James Liu, Clearnomics Founder & CEO, joins Yahoo Finance's Kristin Myers to break down Tuesday's market rally as the 2020 presidental race comes to a close.
KRISTIN MYERS: So James, of course, the election is today. I'm wondering if you think that market uncertainty kind of ends today, or does it really kind of start to begin today, in some ways?
JAMES LIU: Hey, Kristin, good to chat with you. We do think that, you know, hopefully today, if we get results, we'll close one chapter. It will lift some uncertainty. But it's always hard to separate the market reaction in terms of some clarity that we've been desperately seeking in 2020 versus, you know, the actual candidates and policies.
And what we normally tell investors is that, you know, it's really important to vote. But it's better not to vote with your hard earned dollars or with your portfolios. In the long run, it's really these long-term economic trends, for example, the bounceback from the government shutdown, with that 33% GDP number that we saw. It's those things that really affect the stock market over the long run.
So hopefully, we have a lifting of uncertainty. And then we get some clarity around policy. Hopefully, we get some sort of fiscal stimulus measures in the next couple months-- again, depending on the election results. And the stock market can be supported by all of those policy moves in the next six months or 12 months.
KRISTIN MYERS: So James, you're mentioning a lot of hopes out there for the investors and for the market. Let's start with one, which would be clear election results by tomorrow. How much do you think investors right now are really kind of factoring in or baking in a delay in election results or even a long contested election? How nervous do you think they'll get if this election actually drags out for the next several weeks?
JAMES LIU: Yeah, so it's really hard to say. The only precedent we have for this is, of course, back in 2000, with the hanging chads. Markets were down over that period, but the problem with looking at that period is that you also had the tech bubble that was bursting at the same time, which is arguably a much bigger factor during that period.
And then if you also look at the market movements over the last couple of weeks, we've had markets that were down last week, big intraday and daily swings, and the markets that are up today. And so, you know, you take a look at all this, and I think what's been happening is, as the polls have shifted, in this case, toward Biden, you've had a little bit more clarity in the hopes that we would get an immediate results. And of course, as you reported, over 100 million ballots that have already been cast even before today.
So that's possible, but again, you know, nothing's certain at this point still until tonight or, hopefully, tomorrow. You know, 2016, we thought there would be some certainty, and there wasn't. And so it's really hard to say until we actually get the results.
KRISTIN MYERS: So James, I know you've been talking a lot about investors really, you know, hanging their hats, or rather, pinning their hopes on news around stimulus, around a vaccine. Of course, we have no word on either as yet more questions out there than there are answers. If you are an investor that says, you know what? I want to stay at this party right now. How do you protect yourself against some of those risks going forward?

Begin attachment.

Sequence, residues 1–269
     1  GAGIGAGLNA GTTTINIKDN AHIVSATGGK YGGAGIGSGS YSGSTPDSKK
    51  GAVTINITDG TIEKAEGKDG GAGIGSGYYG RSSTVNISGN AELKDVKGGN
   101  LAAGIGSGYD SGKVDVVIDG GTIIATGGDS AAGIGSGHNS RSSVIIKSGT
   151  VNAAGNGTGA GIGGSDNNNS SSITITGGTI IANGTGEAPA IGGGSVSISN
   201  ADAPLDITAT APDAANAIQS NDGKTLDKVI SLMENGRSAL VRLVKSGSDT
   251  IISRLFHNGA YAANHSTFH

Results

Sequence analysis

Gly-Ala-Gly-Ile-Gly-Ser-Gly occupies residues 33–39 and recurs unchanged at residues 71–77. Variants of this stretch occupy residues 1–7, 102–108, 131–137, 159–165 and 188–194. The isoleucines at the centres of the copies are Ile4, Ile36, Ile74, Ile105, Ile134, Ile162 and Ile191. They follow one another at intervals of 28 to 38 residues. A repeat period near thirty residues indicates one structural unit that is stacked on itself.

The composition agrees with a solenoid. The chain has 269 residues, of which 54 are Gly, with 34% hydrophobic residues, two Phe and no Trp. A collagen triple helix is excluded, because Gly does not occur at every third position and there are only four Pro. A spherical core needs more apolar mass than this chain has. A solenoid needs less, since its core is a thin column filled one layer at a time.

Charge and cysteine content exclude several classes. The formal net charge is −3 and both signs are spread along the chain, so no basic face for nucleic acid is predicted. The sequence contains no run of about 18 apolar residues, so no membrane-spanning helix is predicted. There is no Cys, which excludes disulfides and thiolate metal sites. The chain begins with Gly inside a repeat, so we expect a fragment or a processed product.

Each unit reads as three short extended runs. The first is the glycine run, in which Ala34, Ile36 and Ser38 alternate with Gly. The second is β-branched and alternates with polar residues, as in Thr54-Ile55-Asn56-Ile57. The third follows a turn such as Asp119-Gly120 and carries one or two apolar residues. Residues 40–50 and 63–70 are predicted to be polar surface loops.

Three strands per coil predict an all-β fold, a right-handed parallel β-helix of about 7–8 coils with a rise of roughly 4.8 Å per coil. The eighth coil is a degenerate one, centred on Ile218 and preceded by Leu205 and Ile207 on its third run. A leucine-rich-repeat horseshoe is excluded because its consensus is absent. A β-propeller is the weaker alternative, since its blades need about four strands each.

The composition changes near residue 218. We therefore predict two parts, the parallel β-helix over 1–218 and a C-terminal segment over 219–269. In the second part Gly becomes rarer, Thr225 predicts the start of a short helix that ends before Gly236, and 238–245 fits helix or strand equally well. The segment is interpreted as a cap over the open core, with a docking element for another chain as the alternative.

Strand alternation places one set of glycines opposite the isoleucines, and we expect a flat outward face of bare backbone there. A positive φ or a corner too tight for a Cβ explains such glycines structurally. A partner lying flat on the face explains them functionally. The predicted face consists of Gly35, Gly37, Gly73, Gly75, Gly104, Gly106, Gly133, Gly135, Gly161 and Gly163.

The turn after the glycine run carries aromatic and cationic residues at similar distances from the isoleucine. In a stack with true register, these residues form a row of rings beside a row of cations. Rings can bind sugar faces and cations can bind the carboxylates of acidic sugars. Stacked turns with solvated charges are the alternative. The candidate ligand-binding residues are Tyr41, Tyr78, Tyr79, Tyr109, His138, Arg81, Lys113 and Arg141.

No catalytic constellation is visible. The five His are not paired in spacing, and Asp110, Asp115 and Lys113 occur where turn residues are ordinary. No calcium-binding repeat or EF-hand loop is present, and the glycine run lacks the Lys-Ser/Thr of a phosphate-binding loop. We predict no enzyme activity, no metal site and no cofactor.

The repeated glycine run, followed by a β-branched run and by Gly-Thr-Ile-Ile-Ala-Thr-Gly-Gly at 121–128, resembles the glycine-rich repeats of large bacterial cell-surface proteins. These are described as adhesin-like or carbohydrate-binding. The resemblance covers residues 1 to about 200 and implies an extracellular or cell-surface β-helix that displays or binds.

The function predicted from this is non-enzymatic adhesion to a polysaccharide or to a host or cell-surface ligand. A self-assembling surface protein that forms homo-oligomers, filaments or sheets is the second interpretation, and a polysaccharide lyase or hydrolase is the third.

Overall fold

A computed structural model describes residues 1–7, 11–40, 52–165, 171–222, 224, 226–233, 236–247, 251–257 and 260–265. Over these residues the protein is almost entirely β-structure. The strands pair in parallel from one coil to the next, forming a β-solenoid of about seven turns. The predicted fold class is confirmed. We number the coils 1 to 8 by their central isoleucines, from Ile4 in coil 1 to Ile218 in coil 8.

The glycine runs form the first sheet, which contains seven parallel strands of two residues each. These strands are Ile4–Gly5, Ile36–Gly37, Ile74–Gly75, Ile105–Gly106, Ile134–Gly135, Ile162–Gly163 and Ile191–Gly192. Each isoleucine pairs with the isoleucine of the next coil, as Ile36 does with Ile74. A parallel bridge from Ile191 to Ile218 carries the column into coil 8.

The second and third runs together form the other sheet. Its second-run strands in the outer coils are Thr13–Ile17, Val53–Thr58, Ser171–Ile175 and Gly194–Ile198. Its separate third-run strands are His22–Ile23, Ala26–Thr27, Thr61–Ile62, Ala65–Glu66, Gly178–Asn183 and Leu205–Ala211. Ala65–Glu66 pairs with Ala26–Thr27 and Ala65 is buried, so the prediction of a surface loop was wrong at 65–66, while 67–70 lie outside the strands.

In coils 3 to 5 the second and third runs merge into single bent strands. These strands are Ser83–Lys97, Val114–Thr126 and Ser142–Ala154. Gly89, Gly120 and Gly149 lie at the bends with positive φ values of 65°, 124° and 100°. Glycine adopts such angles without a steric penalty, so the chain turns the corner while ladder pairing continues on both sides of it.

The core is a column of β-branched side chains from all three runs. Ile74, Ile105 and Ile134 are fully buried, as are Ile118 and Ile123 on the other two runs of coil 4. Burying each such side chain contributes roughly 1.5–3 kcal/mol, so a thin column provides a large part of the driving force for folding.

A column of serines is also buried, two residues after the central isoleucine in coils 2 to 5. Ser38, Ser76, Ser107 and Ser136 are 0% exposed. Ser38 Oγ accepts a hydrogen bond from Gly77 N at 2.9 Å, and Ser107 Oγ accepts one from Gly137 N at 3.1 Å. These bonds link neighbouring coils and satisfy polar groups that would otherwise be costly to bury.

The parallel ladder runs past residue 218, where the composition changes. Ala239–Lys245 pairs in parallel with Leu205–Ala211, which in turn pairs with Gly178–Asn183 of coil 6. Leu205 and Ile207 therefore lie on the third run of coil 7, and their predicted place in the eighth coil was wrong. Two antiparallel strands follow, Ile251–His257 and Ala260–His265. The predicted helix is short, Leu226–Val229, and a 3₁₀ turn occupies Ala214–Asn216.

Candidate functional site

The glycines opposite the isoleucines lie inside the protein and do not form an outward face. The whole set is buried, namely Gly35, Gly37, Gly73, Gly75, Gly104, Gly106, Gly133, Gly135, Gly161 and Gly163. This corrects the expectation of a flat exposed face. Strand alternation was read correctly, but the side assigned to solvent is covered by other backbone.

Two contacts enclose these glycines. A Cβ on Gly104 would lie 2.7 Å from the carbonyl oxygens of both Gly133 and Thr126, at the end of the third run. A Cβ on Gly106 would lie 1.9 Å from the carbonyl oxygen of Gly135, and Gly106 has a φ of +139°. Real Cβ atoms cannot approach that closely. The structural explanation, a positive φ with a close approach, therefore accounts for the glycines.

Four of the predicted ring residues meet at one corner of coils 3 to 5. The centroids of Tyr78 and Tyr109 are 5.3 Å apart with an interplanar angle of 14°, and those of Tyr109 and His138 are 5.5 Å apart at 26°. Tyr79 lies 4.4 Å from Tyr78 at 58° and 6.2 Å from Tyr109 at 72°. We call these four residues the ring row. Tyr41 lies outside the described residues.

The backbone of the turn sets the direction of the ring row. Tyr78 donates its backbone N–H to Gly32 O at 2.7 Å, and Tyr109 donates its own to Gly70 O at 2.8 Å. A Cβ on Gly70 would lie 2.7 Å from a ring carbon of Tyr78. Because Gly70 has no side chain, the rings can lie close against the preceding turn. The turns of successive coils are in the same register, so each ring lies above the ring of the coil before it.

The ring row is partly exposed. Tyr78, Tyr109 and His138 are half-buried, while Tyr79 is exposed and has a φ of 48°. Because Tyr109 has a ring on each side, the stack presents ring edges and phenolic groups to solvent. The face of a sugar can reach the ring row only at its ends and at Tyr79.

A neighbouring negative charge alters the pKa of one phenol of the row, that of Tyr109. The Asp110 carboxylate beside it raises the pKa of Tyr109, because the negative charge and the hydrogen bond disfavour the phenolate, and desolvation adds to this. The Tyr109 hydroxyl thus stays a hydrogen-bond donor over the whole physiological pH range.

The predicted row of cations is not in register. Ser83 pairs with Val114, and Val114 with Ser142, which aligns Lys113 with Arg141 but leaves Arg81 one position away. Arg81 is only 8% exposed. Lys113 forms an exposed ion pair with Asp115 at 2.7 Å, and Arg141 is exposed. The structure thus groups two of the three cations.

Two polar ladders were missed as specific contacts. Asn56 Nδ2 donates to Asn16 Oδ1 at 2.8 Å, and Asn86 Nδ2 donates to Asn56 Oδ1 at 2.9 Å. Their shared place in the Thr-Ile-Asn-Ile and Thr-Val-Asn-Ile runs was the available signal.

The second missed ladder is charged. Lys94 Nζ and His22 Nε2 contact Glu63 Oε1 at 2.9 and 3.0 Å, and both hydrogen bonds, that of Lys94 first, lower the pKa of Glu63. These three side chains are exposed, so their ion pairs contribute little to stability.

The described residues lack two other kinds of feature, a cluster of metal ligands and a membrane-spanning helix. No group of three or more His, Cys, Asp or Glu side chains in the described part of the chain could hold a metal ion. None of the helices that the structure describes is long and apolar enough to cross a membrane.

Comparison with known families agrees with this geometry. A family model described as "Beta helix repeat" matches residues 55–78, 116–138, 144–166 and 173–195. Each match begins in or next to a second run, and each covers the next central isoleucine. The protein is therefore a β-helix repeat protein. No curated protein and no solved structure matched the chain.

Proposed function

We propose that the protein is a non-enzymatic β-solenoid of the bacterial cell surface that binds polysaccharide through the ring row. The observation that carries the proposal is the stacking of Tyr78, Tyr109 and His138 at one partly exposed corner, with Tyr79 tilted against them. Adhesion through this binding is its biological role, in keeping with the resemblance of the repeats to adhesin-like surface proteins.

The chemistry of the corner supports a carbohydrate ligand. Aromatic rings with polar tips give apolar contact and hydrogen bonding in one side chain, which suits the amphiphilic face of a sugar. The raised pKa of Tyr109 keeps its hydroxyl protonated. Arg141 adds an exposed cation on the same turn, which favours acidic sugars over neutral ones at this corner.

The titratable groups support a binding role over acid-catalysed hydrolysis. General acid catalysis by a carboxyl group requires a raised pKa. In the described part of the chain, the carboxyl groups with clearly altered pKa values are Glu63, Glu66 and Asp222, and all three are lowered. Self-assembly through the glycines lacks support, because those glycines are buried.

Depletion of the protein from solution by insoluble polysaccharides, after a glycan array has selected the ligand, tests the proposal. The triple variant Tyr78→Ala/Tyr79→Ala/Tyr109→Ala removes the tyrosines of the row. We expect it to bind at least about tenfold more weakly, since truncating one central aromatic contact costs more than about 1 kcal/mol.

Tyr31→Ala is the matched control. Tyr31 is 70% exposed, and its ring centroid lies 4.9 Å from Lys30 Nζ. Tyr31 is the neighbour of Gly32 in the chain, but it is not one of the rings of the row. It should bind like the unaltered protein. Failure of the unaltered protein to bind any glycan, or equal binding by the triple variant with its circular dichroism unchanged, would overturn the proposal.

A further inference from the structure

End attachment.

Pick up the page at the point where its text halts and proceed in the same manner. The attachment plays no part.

JAMES LIU: Right, we do think that the narrative, especially, you know, in talking about markets, has been that, well, let's wait until a vaccine happens. Once it happens, the economy can open up. We think, you know, that's a problematic view. It's not going to happen immediately. We don't know the timing around a vaccine. And even when it does happen, it's hard to know exactly how it's going to get rolled out. The same with a fiscal stimulus package, like the CARES Act.
I think the key for investors is to look at how the economy has done basically since March. And certainly since the economy started to reopen during the summer, you basically had this recovery that's helped support the stock market even without a vaccine and without a second stimulus package. So those things would be icing on the cake. They would help. But many parts of the economy have been recovering even without them.
Not everything is perfect, obviously. You know, but the fact that the stock market was anticipating that ahead of time means that those who stayed invested and were able to stay disciplined, stick to their asset allocations, they were rewarded for doing so over the last six months.
KRISTIN MYERS: Where are you seeing some of the biggest opportunities in this chaotic and confused market right now?
JAMES LIU: Yeah, so there are a few different places. The first is just the market overall. Yes, valuations are very high. But part of it is that the markets anticipated the economic recovery once the economy started to reopen. So we think that the overall market is still fairly attractive.
And then if you think about areas like value versus growth, growth stocks have absolutely ripped because of the dynamics related to COVID-19 and the shutdown. And so there are a lot of value names out there where, you know, if you're willing to put in some work, you have some investment advisors or portfolio managers that you trust who do the work, you know, I think there's some really attractive opportunities in those areas, too.